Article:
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The answer is here in investigative reporter Richard Miniter's stunning exposé that includes exclusive interviews with both of Clinton's National Security Advisors, Clinton's counterterrorism czar, his first Director of Central Intelligence, his Secretary of State, top CIA and FBI agents, lawmakers from both parties and foreign intelligence officials from France, Sudan, Egypt, and the United Arab Emirates, as well as on-the-scene coverage from Sudan, Egypt, and elsewhere.
In Losing bin Laden you'll learn:
1)The never-before-told story of the Saudi government attempt to assasinate bin Laden 2)Why Bill Clinton refused to meet with his first Director of Central Intelligence 3)Drawn from secret Sudanese intelligence files, the never-before-told story of bin Laden's role in shooting down America's Black Hawk helicopters in Mogadishu, Somalia--and how Clinton manipulated the news media to keep the worst off America's TV screens 4)How Clinton ignored intelligence and offers of cooperation against bin Laden from several Muslim countries 5)The 1993 World Trade Center attack--why Clinton refused to believe it had been bombed; why the CIA was kept out of the investigation; and how one of the FBI's most trusted informants was actually a double agent working for bin Laden 6)Why the CIA never funded bin Laden--despite the liberal myths 7)The untold story of a respected congressman who repeatedly warned Clinton officials about bin Laden in 1993--and why he was ignored 8)Revealed for the first time: how Clinton and a democratic senator stopped the CIA from hiring Arabic translators--while phone intercepts from bin Laden remained untranslated 9)How the Predator spy plane--which spotted bin Laden three times--was grounded by bureaucratic infighting 10)Plus much more, including appendices of secret documents and photos, as well as the established links between bin Laden and Saddam Hussein's Iraq
Losing bin Laden is a dramatic, page-turning read, a riveting account of a terror war that bin Laden openly declared, but that Clinton left largely unfought. With a pounding narrative, upclose characters, and detailed scenes, it takes you inside the Oval Office, the White House Situation Room, and some of the deadliest terrorist cells that America has ever faced. If Clinton had fought back, the attacks on September 11, 2001 might never have happened.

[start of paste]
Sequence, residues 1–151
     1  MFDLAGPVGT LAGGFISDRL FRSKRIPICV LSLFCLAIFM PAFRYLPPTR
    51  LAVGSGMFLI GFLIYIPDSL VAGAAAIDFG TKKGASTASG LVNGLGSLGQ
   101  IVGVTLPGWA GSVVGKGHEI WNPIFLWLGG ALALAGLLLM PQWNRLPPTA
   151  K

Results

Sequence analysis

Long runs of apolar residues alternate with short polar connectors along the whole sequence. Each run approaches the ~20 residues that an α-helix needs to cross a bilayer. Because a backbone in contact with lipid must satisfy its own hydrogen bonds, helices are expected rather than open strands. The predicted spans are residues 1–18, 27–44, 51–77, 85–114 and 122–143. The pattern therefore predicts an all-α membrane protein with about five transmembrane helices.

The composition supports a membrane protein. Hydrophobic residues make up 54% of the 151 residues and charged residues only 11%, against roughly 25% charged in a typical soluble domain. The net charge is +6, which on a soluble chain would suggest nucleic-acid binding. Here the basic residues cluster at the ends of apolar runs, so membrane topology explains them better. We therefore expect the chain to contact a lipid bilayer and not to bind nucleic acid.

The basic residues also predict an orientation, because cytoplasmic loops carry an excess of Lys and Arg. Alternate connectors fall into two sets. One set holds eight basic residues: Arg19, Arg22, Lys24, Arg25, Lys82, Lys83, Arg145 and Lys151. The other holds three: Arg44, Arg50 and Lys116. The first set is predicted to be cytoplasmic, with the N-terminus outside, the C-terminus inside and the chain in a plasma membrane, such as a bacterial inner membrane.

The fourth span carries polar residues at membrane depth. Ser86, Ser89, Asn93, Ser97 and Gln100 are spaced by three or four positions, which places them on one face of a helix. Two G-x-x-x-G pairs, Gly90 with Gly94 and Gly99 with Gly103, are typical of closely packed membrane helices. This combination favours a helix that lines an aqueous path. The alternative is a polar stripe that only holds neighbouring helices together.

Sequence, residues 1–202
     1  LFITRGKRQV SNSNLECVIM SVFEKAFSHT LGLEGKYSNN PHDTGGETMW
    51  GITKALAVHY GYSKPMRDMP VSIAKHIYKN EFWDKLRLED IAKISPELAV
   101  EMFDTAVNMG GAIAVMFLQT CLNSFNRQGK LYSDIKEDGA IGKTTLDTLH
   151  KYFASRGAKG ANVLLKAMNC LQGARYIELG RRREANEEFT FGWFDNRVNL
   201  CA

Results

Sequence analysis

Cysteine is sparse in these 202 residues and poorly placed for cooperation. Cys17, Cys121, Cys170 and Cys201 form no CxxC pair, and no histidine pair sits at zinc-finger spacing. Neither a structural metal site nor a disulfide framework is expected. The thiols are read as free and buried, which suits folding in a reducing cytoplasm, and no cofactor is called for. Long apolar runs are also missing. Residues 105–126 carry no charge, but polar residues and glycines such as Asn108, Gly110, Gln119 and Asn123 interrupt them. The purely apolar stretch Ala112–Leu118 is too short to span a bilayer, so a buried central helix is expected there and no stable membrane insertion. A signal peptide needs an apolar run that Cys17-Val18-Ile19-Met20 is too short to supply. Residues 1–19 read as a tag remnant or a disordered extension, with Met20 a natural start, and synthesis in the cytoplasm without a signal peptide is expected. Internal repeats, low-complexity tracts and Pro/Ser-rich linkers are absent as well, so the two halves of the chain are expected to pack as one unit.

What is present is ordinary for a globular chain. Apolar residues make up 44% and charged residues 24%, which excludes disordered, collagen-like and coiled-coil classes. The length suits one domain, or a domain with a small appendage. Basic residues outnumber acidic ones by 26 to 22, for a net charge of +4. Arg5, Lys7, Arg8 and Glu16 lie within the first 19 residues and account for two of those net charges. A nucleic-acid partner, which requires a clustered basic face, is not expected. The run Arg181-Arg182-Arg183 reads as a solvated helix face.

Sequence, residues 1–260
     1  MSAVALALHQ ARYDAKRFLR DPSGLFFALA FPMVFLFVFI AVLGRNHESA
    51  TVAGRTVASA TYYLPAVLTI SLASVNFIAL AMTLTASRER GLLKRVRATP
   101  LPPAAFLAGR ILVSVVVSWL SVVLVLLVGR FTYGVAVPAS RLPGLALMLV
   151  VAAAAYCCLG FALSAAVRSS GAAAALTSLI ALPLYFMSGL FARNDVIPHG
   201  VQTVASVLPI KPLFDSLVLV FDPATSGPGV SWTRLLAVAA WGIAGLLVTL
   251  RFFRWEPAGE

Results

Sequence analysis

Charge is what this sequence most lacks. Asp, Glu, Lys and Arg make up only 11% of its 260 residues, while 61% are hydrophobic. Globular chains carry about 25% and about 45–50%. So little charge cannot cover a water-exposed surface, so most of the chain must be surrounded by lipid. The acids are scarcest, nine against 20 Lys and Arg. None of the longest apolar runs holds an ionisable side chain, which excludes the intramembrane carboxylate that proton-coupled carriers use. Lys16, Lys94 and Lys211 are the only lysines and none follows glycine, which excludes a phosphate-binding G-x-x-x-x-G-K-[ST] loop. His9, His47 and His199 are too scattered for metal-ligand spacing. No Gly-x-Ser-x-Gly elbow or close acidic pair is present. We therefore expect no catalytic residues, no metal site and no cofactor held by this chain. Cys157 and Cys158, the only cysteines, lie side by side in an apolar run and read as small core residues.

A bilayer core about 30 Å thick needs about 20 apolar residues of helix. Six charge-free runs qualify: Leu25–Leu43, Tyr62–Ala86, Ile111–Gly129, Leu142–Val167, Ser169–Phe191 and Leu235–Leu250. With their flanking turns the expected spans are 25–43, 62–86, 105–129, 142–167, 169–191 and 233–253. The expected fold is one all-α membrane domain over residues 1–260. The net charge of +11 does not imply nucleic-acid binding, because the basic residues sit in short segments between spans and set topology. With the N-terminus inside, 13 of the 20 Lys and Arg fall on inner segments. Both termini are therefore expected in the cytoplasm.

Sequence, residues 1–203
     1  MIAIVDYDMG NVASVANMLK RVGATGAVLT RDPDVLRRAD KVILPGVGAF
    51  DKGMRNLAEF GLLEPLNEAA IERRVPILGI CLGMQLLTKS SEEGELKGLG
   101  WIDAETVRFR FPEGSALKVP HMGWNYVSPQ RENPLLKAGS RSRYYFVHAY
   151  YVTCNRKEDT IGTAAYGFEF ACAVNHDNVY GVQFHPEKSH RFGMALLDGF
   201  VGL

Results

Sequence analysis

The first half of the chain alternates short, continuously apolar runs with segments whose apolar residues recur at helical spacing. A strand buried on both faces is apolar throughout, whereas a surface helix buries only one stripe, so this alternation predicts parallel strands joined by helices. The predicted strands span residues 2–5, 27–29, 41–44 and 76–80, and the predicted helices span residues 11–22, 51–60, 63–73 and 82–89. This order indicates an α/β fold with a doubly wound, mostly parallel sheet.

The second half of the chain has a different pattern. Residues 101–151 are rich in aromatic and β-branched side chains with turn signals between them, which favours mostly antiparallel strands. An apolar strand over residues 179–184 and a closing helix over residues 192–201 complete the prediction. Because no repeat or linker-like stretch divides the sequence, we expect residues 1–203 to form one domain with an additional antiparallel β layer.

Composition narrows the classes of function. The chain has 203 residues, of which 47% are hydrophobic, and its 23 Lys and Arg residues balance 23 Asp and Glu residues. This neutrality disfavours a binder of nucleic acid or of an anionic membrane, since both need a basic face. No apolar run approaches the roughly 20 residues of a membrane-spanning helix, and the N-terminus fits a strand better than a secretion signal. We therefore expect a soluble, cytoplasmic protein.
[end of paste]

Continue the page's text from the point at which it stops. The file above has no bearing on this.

Losing bin Laden is a story--and one hell of a lesson--that the reader will never forget. --This text refers to an out of print or unavailable edition of this title.
What this well-written and well-researched book taught me, a retired, ex-member of one of the first mid-level interagency terrorist task forces created during the Clinton... Read morePublished 8 months ago by Herbert L Calhoun
Had to write a paper on this book for my Modern American HIstory class. Vey interesting read. If you're a Bill Clinton fan, you might not like it all too much, but if you're... Read morePublished 21 months ago by A. Salman
I liked this book because Miniter examines 9/11 in the perspective of more than a decade lead up to the attack. Read morePublished on November 15, 2012 by Jim
Poorly written. I want my money back! The editing job is terrible, the book is poorly written and I am pretty sure the author might have an IQ that is below average. Read morePublished on October 2, 2011 by Thomas Edison
The dust jacket of this book states that Richard Miniter is an, " Internationally Recognized Expert on Terrorism ". Read morePublished on December 10, 2010 by CWOK: Ex-Navy
This book really takes it to the left wing, specifically the pacifist. Year by year of the Clinton Admin. and the countless opportunity to kill bin Laden. Read morePublished on November 5, 2009 by J. Hornyak
Richard Miniter's book falls far short of what it could have been. Instead of being an accurate and incisive treatment of the Clinton Administration's shortcomings in dealing with... Read morePublished on August 30, 2008 by An Inquiring Reader